Kubernetes Secrets from Secrets Manager using External Secrets Operators
In this article we will demonstrate how we store our credentials in the Secrets Manager and automatically retrieve them for creating Kubernetes Secrets. The External Secrets is the tool that we will use in this article.
Several times as a DevOps, I discover that the applications that we deployed to Kubernetes usually need some kinds of credentials to pass into the applications. Yes, Kubernetes provides the way to abstract the confidential information into its own resource, it is the Secret. That means the Secrets need to be in placed before we deploy our applications.
In real life, there are many applications that DevOps need to maintain and it’s possible that the same applications need to be deployed to many environments (dev, test, prod). This is really the nightmare for DevOps to operate on the situation like that.
If you’re the persons that found the situation like I described above and want to solve it. Yes, the External Secret is your good friend.
If you are thinking about hard code the secrets in the source code and put them in the application’s package and believe that this way will solve the issuer. Don’t do this, it’s not the right approach.
This article won’t go too much in details about the technology stacks we will use. We assume that you should have some knowledges of the following.
- Helm — We will use it to deploy the External Secrets Operator on GKE.
- Secrets Manager — We will store the secrets in the Secrets Manager
The source codes relate to this article are kept publicly in the GitHub repository here — https://github.com/its-knowledge-sharing/setup-gke-external-secret. I would recommend to clone the code and read them at the same time you read this article.
Create the GKE cluster
I’m assuming that we are familiar to the Google Cloud Platform (GCP) and already have the GCP account. See this script for more detail 01-setup-gke.bash, run the script and wait until the GKE is created.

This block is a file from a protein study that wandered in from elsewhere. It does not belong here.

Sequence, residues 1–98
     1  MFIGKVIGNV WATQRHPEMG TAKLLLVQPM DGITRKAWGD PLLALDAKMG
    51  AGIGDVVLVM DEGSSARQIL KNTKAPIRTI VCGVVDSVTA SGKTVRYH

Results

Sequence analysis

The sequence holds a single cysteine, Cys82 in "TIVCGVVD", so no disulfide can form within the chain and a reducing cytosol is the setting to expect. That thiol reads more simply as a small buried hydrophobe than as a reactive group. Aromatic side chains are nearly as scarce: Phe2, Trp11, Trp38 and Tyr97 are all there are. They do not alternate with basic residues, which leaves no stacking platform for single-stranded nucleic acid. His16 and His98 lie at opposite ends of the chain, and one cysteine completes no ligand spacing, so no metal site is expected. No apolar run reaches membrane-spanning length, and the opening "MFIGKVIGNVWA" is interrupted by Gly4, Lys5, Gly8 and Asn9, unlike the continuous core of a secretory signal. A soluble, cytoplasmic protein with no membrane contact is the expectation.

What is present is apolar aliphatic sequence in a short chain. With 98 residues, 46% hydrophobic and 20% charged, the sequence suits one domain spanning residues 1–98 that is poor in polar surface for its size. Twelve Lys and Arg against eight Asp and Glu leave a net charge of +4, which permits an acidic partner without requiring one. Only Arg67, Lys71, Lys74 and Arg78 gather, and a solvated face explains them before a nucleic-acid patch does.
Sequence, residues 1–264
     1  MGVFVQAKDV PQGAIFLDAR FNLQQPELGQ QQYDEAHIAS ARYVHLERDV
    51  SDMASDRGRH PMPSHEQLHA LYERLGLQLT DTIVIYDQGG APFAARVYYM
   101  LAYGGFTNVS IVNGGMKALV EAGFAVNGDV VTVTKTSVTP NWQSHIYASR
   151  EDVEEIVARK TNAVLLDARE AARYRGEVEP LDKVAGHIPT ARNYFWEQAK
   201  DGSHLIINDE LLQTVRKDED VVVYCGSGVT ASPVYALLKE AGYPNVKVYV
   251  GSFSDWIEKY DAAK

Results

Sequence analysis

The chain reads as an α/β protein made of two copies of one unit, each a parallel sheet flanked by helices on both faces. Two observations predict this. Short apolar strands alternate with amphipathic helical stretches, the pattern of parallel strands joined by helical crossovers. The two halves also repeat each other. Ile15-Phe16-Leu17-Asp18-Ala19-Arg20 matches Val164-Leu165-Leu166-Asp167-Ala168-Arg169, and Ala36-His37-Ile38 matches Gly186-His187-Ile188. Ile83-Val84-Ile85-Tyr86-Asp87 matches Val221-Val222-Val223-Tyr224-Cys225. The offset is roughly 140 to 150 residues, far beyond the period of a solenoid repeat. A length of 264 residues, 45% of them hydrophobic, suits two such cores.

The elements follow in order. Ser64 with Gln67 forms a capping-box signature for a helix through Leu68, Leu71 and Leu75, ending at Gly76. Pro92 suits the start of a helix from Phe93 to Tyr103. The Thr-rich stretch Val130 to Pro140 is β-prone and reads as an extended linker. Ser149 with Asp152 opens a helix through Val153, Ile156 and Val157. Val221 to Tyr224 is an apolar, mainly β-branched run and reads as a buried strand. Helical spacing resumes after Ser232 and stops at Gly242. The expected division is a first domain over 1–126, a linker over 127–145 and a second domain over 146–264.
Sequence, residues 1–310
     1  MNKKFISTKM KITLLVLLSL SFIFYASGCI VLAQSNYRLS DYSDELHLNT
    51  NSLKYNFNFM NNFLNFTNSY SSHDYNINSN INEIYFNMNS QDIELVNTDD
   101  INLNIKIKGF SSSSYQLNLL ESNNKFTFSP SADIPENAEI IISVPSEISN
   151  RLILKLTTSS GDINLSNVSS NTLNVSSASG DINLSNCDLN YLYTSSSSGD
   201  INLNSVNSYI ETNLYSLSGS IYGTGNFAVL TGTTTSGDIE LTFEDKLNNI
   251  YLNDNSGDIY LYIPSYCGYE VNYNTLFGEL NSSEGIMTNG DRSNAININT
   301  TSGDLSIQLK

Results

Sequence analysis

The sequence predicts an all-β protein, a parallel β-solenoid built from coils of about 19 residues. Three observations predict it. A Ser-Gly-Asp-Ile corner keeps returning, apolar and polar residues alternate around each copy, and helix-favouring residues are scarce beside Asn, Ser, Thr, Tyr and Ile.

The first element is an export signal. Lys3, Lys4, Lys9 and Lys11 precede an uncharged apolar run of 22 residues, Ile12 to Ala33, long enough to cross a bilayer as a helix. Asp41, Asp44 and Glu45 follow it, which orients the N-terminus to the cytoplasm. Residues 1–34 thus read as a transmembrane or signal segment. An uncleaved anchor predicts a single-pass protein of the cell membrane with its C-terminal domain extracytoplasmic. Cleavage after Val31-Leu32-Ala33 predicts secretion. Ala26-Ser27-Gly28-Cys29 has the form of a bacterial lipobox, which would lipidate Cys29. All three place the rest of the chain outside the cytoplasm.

Create service account (SA)
To allow External Secrets to retrieve the secrets, we will need to provide the SA for External Secrets to talk to Secrets Manager. See this script for more detail 02-create-sa.bash.
In the script above, we granted the role roles/secretmanager.secretAccessor to the service account, which is enough for External Secrets to use.
Deploy External Secrets to GKE
The easiest way we deploy External Secrets into Kubernetes is by using Helm. The External Secrets also provided it’s own Helm chart here https://charts.external-secrets.io/. What we need to do is to create the Helm values file to customize what we need and run some Helm commands to get everything.
To simplify things, I wrote a Secrets Manager deployment script which can be viewed here 03–1-deploy-external-secret.bash. If everything is OK, we should see the result as shown below. Please note that there are 3 Custom Resource Definition (CRD) created which later we will use 2 of them.
The script also created the Kubernetes Secret gcp-secret-manager to store the GCP service account that External Secrets need to use.
Cluster Secret Store
As mentioned earlier that there are 3 CRDs created when we deploy External Secrets by using the script. The ClusterSecretStore is one of them, it is a cluster scoped resource that can be referenced by all ExternalSecrets (will explain later) from all namespaces. Use it to offer a central gateway to your secret backend (Secrets Manager in our case).